More College Hookups Don't Equal More Sex, Study Shows
Between the advancing technology of sex toys, hookup apps like Tinder, and the HPV epidemic -- one would feel safe assuming that the current generation of young adults is by far the most promiscuous.
But according to a new study, despite the technological advances in sexual bells, whistles, and things to stick up your hoo-ha, such assumptions would be false.
According to a new study presented at the American Sociological Association by the University of Portland, the sexual behavior of modern-day college students is no more prevalent today than it was 25 years ago. The study initially was aimed at questioning the dynamic of hook-up culture and whether or not young college students today live in a "no strings attached" environment.
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Using representative data from the General Social Survey of 1,829 of students ages 18 to 25 who had completed at least one year of college, researchers compared reports of sexual activity between the time periods of 1988-1996 and 2002-2010.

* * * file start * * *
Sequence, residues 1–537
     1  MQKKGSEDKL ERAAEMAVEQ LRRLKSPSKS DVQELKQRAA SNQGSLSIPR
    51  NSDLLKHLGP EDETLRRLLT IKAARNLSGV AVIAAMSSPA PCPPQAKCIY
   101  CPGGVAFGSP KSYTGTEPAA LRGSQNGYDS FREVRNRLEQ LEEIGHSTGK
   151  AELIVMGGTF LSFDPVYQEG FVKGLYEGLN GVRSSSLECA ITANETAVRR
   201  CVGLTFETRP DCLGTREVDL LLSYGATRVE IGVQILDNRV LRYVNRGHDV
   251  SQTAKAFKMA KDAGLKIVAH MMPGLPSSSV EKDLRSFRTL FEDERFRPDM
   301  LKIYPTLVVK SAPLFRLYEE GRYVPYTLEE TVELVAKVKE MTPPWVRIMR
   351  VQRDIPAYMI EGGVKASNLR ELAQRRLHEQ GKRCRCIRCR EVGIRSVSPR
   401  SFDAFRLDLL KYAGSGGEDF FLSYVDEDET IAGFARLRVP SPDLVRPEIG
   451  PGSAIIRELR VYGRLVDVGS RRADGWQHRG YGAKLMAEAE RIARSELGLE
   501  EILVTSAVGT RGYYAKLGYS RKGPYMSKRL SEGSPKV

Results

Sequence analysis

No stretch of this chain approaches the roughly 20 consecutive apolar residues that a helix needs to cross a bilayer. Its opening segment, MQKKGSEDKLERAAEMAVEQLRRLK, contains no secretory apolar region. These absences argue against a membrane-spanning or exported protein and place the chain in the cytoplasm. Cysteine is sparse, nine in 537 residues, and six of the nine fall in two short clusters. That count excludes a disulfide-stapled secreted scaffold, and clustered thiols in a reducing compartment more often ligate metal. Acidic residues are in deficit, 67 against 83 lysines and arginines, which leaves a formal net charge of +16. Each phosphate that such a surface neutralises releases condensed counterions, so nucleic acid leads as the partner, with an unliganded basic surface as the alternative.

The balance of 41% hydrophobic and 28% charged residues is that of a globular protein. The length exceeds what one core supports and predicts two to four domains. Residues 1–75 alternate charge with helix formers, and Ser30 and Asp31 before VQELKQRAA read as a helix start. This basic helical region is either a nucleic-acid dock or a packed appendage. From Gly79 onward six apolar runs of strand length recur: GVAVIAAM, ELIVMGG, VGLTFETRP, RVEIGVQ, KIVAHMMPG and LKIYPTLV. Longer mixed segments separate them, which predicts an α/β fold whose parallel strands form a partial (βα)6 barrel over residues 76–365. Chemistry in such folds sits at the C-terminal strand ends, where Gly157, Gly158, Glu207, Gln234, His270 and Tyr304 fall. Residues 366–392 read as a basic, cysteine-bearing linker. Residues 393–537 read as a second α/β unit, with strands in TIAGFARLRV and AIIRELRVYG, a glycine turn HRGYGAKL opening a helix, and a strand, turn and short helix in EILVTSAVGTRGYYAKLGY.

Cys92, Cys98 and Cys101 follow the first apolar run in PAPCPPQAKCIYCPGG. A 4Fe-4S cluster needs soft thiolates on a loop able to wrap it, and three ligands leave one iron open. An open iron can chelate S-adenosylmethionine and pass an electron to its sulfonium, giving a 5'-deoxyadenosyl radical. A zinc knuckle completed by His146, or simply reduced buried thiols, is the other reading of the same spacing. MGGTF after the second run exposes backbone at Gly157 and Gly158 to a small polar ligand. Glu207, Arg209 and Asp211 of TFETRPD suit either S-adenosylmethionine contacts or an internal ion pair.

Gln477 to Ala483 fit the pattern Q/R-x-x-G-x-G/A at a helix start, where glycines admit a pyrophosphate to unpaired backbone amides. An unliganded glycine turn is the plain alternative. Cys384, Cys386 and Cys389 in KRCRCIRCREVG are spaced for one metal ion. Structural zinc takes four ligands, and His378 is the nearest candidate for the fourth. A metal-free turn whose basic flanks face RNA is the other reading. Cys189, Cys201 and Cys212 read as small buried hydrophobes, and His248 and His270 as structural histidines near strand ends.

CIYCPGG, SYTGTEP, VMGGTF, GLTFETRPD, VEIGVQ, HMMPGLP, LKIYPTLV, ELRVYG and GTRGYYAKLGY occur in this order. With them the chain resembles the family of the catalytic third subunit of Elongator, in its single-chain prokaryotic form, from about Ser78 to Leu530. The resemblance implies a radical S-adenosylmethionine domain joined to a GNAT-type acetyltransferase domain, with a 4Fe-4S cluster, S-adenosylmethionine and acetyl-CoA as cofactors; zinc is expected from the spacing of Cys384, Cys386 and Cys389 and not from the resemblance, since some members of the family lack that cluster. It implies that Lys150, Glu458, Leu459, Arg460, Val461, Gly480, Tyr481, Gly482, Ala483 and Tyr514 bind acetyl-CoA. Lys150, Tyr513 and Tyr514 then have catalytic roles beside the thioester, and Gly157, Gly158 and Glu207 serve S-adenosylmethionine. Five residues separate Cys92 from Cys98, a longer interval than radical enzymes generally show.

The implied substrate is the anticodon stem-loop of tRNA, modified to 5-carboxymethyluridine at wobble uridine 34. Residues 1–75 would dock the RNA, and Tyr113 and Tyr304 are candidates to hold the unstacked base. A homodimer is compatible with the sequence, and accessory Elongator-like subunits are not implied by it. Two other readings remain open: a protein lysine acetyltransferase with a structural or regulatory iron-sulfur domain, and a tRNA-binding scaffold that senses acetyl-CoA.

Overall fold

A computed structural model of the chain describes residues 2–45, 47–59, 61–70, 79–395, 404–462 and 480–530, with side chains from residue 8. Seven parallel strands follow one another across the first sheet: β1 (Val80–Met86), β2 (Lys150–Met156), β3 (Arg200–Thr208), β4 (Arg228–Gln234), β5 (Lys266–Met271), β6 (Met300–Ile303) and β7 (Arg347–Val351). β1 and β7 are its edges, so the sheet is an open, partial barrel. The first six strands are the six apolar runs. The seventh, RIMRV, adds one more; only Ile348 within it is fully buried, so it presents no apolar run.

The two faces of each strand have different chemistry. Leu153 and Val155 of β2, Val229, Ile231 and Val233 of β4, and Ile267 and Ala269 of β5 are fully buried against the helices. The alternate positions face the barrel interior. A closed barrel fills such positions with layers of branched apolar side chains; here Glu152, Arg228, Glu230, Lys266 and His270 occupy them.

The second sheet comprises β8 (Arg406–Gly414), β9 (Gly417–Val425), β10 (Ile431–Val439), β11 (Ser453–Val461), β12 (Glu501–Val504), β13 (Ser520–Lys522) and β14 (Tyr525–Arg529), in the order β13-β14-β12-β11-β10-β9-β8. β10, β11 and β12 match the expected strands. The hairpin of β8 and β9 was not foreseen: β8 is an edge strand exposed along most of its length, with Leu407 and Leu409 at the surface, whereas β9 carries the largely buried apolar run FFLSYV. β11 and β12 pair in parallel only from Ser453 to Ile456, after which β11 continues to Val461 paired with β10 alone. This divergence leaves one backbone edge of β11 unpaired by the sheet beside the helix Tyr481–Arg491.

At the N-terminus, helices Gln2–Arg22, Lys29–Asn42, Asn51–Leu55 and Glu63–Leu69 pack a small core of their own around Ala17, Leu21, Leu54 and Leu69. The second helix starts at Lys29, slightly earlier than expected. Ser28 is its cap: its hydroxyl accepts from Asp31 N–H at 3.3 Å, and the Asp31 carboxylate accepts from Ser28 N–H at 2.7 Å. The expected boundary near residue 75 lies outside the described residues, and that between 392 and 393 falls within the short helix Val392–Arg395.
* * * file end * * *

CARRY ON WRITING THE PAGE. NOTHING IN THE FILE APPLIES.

Although the study showed signs that sexual behavior had become more casual in recent years (subjects tended to opt for sex with a date or one-night stand rather than a committed partner), the number of sexual encounters and sexual partners per year was no higher than the previous generation. If anything, it was slightly lower.
So it seems that not only were your parents freed from the fear of dying alone or catching a disease from a booze-fueled hookup, they were also getting it on more than you.
Good luck getting that image out of your head.
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